Children can cope when given the chance

27 February 2008

When they have a sure foundation of love, young people are resilient under modern pressures, argues Stephen Cottrell

 

When my eldest son was 11, he came home from school one day, and announced that he was the only person in his class who did not have a mobile phone. “Don’t be ridiculous,” we retorted, “of course you’re not the only person: lots of 11- and 12-year-olds don’t have a phone of their own.”

 

How wrong can you be? After a quick check of other parents, we soon discovered that he was indeed one of only two who were being kept in the Dark Ages by wilfully negligent and terminally uncool parents. We bought him a mobile.

 

This story illustrates two points that ring out loud and clear from the evidence summary of the Children’s Society Good Childhood Inquiry about children’s lifestyle: first, the way parents are left behind by the rapidly changing world their children now inhabit; and, second, the enormous pressure from friends and high finance to keep up with the latest trends — the new mobile, X-Box game, designer jeans, and so on. There are so many pressures on young people today to consume and conform.

 

They are targeted by advertising at every turn, and there is some evidence to suggest that mental-health issues are rising among them. Yet the really remarkable idea that the inquiry’s evidence on lifestyle seems to suggest is actually a tribute to young people’s resilience.

 

Yes, the advertisers have children in their sights, knowing that pester power is good for many an ill-judged purchase; yes, drugs and diet, teenage pregnancy, obesity, lack of exercise, and “keeping up with the clones” all create huge and fearful pressure. But, somehow, the great majority of young people do take it in their stride — and are as bemused by parental angst as every generation before them.

 

It is really good to see in this material that, alongside the helpful analysis of the pressures that young people face today, there is a vivid testimony of their essential, confident, goodness, as they navigate through the perils and opportunities of 21st-century Britain.

 

So they watch more TV than us, and probably spend a great deal more time on the computer, but they are also rightly scornful of the mess that we have made. I watch my son do his homework on the computer. At the same time, he is chatting with friends all over the country, downloading and uploading music, and sharing it with others.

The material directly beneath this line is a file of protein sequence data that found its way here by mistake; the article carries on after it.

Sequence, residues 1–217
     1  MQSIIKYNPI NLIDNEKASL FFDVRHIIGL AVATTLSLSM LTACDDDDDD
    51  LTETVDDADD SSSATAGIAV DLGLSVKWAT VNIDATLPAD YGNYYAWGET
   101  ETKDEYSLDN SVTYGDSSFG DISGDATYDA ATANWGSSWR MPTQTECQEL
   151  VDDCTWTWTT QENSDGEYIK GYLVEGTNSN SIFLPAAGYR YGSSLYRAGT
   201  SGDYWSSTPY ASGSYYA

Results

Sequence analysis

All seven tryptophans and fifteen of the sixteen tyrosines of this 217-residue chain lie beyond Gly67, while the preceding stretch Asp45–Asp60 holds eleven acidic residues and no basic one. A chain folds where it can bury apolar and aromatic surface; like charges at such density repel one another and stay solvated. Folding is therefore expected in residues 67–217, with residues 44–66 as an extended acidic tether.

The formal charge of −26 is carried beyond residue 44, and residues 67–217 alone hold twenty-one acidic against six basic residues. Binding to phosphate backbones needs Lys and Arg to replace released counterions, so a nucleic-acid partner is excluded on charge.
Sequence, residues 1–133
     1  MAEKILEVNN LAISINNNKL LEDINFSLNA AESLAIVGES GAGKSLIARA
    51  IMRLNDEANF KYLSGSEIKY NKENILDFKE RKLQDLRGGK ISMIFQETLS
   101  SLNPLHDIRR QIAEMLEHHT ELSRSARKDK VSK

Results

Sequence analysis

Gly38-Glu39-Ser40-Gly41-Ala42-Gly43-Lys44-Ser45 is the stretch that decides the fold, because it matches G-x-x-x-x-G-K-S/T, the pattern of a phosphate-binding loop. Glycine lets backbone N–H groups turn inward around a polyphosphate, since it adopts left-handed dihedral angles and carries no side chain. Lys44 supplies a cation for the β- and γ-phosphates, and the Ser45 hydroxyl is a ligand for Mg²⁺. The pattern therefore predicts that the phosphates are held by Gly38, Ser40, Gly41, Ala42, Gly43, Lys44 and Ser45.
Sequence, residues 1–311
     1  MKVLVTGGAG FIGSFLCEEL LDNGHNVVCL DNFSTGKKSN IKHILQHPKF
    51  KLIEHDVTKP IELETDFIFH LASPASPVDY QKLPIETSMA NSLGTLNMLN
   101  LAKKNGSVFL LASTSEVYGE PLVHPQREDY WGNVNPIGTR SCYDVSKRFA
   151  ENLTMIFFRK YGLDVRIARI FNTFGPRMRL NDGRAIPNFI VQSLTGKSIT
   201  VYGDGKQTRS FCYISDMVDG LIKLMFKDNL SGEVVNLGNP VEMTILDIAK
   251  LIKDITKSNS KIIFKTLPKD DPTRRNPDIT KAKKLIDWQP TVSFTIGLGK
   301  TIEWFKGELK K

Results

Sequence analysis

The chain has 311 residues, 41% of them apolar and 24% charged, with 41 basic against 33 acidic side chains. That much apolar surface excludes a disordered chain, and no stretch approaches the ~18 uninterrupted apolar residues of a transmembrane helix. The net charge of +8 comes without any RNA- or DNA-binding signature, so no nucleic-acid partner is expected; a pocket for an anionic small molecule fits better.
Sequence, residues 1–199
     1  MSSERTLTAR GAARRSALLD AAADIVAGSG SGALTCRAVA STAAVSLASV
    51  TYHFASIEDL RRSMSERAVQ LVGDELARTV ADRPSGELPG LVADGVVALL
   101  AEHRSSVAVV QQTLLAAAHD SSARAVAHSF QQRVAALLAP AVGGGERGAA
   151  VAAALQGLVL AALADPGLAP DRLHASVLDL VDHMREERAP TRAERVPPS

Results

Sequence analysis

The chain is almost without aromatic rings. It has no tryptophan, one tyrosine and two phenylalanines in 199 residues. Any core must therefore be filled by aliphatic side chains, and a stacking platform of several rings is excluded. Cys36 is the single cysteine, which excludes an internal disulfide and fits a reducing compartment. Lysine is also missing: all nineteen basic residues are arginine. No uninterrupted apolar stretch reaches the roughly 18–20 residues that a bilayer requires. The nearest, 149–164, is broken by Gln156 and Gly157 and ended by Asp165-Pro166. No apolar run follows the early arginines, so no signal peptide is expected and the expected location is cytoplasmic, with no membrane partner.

I know a young girl who searches the net to buy clothes that are not made in sweatshops. Others form groups in their school to combat the effects of climate change. They are media-savvy; largely immune to the hard sell; can spot hypocrisy at 30 paces; know how to dance; and play their music very loud.

 

It is still hard to be different, and many do not realise how subtly the advertisers manipulate them, but there is something glorious in the lifestyle of the young that makes me believe that Jesus would be just as likely to pull a teenager from the crowd as a little child to show the rest of us what the Kingdom looks like.

 

In this report, a ten-year-old defiantly proclaims that “People should stop following the trends, and have their own style.” What young person in history has not said that? It is their birthright, and, though they express it differently and in the language of a culture that is second-hand to us, they still possess that precious self-righteousness that believes the world can be changed. I hope never to become so cynical that I will not be thrilled by the newness of a generation inheriting the world, trying to shape it afresh, and believing things can be better.

 

It is our task — we adults who have created this culture, and we Christians who have a vision of what a reordered world might look like — to do all that we can to provide young people with the affirmation they need. More than anything else, young people need to know they are loved. This is the essential foundation stone upon which secure lives are built, and without which no amount of carrot or stick will make much difference.

 

Of course, we must vigilantly police the super-highway; we must remove all that is truly exploitative or harmful; we must provide the five pieces of fruit and veg a day, and everything else that is needed to demonstrate that there is more to life than becoming a loyal consumer.

 

Yet, if we have got the foundation right, and paid proper attention to paying attention, then, as young people inherit the world, we can get out of the way — confident that they will see it clearly, and, rather than perpetuate the mess we have made, want to clean it up.

 

If, in home and church, school and community, we give ourselves to the spadework of sound loving, then we can trust young people to make the best of the world that we are bequeathing them. After all, the most exciting and innovative buildings have the strongest foundations.

 

The Rt Revd Stephen Cottrell is the Bishop of Reading.

 

For more information, see: www.goodchildhood.org.uk.

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